Securing transparency and diversity in political finance

Reducing the influence of money in politics
by Bill Browne and Benjamin Walters

Targeted reforms are needed to introduce transparency and diversity into federal political finance: disclosing political contributions in real time, publishing ministers’ diaries, stopping the very wealthy from dominating election spending, making public funding accessible to new entrants and restricting corporate cash-for-access payments.

The conventional tools for addressing political finance concerns are public funding, donation caps and spending caps. These tools are blunt instruments that have so far failed to rein in vested interests or address cash-for-access, and they risk many perverse outcomes – most notably, introducing unfair barriers to new entrants, independents and minor parties.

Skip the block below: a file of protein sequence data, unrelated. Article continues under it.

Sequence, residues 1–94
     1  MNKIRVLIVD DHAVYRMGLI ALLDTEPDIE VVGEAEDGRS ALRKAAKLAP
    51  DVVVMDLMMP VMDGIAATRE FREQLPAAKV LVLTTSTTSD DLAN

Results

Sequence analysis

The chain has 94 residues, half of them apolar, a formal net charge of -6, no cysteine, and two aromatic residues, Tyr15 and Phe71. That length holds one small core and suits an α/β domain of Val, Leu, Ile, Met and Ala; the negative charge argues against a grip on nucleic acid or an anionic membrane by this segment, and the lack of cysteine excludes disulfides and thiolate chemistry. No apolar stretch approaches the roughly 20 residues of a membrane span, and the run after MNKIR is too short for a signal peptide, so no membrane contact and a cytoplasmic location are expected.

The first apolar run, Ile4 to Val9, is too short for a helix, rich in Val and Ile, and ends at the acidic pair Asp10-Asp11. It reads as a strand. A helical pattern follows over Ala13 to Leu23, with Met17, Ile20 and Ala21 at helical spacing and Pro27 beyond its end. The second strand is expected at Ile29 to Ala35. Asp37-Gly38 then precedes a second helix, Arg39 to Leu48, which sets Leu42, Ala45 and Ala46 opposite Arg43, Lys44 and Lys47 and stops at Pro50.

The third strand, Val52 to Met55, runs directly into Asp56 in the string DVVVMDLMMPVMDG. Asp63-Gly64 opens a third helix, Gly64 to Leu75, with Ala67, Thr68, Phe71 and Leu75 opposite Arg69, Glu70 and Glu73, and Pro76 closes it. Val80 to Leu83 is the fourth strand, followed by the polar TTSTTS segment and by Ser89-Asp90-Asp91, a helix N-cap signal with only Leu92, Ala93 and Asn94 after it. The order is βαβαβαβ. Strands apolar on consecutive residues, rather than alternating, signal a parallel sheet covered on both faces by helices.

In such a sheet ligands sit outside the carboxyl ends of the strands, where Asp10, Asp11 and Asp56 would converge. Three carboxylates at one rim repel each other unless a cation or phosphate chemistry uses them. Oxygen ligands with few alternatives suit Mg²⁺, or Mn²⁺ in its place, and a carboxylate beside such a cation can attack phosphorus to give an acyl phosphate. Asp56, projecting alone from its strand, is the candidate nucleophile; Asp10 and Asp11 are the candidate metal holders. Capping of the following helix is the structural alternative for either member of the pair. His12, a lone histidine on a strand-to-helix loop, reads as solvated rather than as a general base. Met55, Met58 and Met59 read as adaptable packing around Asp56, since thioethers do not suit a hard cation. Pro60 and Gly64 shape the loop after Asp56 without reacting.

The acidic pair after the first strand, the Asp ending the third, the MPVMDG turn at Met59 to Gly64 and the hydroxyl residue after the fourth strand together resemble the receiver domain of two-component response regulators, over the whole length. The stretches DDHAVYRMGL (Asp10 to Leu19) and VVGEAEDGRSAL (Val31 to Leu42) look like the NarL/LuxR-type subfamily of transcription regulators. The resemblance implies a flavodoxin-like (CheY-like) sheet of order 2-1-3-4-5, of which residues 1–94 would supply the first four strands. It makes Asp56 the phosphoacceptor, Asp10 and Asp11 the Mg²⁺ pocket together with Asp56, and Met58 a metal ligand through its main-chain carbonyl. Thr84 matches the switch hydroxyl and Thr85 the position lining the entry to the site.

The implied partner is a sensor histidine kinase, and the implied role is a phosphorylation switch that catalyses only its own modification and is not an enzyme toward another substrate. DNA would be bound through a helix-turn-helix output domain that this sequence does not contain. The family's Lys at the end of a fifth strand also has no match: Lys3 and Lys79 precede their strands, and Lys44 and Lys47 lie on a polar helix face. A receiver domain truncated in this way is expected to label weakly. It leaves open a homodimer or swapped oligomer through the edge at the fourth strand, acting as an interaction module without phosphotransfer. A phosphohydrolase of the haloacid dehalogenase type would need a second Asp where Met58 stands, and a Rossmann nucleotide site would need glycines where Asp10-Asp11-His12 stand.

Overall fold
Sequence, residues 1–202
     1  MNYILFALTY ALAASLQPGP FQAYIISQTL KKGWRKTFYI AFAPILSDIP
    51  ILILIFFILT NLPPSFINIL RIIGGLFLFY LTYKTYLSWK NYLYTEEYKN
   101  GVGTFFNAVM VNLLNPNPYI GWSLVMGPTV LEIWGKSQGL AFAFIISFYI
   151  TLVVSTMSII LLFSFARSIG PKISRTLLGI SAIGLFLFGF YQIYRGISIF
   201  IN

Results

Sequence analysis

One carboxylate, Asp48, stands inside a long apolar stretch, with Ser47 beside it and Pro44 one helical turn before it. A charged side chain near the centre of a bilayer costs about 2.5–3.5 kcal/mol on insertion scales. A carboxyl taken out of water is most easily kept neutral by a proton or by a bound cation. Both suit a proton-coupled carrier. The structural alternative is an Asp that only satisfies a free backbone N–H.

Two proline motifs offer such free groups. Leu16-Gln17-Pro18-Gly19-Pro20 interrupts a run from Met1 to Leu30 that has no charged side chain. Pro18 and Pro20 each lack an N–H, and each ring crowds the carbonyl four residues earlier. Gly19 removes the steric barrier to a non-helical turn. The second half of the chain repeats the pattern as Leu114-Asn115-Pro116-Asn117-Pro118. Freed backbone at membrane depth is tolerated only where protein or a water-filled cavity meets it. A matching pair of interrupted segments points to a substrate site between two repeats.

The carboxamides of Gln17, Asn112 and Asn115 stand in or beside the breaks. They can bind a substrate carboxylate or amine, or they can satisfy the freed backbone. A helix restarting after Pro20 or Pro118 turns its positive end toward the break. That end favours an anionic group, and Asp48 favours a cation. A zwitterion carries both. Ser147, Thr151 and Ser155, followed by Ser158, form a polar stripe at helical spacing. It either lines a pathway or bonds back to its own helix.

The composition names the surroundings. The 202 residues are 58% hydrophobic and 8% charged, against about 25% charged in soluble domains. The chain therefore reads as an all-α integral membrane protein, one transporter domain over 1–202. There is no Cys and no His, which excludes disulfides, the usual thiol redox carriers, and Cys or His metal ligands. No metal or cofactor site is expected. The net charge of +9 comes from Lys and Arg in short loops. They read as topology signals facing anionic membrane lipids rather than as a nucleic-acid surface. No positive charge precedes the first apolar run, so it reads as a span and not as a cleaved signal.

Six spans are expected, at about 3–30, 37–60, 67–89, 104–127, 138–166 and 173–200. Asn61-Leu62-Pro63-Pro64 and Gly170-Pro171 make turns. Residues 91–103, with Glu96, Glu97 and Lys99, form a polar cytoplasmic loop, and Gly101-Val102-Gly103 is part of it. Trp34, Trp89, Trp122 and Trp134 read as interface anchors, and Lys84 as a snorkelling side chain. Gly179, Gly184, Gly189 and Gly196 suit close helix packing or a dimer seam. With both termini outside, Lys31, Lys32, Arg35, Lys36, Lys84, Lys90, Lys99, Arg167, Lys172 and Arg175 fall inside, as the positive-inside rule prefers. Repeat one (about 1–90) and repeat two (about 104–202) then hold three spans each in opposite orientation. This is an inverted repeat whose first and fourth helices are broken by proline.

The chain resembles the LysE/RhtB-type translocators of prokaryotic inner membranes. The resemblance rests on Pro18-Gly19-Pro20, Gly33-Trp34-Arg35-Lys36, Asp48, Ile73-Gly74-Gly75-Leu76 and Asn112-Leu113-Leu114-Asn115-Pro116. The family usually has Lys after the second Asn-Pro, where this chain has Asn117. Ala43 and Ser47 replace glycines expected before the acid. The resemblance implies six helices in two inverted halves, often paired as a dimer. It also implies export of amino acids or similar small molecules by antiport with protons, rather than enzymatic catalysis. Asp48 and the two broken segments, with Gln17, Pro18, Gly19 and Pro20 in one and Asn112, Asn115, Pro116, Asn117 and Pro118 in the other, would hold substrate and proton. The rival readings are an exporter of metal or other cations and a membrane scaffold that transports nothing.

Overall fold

As the Australian Parliament seriously considers changes to electoral laws, including those governing political finance, this paper recommends an alternative suite of political finance reforms that would go a long way to making the political playing field more level and addressing cash-for-access at its roots: exposing it when it happens, making governments pay a political cost for facilitating it and banning it outright where doing so is proportionate, constitutional and likely to be effective.

Securing transparency and diversity in political finance